More than three-and-a-half years after COVID struck, the U.S. still has around 2 million more retirees than predicted, in one of the most striking and enduring changes to the nation’s labor force.
The so-called, 'Great Retirement,' induced by COVID-19 is evident in the divergence between the actual number of retirees and that predicted by a Federal Reserve economic model. While down from a 2.8 million gap late last year, it remains elevated today and has even risen from 1.7 million in June.
Before the pandemic, the participation rate for workers age 65 and older reached 20.8% before dropping two-and-a-half percentage points by July 2021. The rate has since risen a percentage point to 19.3% but remains well below the pre-pandemic high.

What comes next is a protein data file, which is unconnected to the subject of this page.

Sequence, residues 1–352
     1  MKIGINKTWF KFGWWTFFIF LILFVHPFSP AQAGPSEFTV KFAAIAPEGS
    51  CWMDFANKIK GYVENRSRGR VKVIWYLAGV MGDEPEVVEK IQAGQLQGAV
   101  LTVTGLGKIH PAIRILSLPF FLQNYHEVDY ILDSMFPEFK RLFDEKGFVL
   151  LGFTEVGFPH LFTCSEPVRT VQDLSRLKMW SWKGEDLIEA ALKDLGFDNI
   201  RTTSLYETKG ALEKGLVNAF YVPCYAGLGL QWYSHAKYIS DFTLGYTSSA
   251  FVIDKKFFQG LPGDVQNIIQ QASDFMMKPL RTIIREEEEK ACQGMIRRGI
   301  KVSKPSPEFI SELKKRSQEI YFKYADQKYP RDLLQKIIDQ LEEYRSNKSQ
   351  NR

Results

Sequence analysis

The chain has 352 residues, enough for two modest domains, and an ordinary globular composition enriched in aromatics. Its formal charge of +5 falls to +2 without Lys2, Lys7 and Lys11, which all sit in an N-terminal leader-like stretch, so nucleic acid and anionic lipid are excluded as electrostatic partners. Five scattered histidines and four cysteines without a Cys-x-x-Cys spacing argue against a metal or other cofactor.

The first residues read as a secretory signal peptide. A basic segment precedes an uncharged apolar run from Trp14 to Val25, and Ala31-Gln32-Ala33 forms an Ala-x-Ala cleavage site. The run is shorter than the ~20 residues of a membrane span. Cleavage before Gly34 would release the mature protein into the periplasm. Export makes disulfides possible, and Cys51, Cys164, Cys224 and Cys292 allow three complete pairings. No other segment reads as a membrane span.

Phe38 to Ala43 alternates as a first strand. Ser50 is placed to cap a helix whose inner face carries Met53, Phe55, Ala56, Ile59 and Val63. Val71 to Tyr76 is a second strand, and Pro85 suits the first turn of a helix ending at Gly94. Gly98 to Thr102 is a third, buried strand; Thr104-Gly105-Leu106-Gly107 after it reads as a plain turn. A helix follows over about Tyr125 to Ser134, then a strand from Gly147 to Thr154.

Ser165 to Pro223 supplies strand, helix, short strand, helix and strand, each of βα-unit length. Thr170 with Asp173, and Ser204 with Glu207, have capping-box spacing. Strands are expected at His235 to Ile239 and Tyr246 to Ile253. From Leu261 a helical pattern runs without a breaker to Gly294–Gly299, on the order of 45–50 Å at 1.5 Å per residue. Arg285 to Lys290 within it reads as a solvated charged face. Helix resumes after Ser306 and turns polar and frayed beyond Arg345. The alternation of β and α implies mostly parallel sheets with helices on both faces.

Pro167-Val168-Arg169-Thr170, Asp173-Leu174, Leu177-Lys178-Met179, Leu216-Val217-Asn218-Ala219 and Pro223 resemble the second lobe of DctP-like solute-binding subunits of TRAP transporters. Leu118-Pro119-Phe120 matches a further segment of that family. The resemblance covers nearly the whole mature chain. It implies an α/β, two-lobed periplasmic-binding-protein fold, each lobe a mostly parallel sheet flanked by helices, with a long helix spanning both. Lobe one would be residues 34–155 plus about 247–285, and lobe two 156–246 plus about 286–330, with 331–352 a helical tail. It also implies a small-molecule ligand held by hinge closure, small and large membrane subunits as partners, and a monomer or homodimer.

The lack of older workers is creating some shortages. In Michigan, a state law was tweaked to make it easier for teachers to “un-retire” without risking their pensions.
Before this summer’s rise in excess retirees, there was speculation that a whole “un-retirement” wave was under way, but that seems to have not been the reality.
For many older Americans, leaving the labor market is a one-way street. While many may miss the routine and stimulation and want to resume work for financial reasons, rejoining the workforce can be difficult.
Skills decline, work connections rapidly fade and job-seekers may confront an age gap, all making it harder for many older workers to find a job. In 2022, the mean duration to find a job for people age 65 and older was 31.6 weeks, 9 weeks longer that the overall average.
Before the pandemic, from 2017 to 2019, roughly 3% of retired workers on average ended up having a job a year later.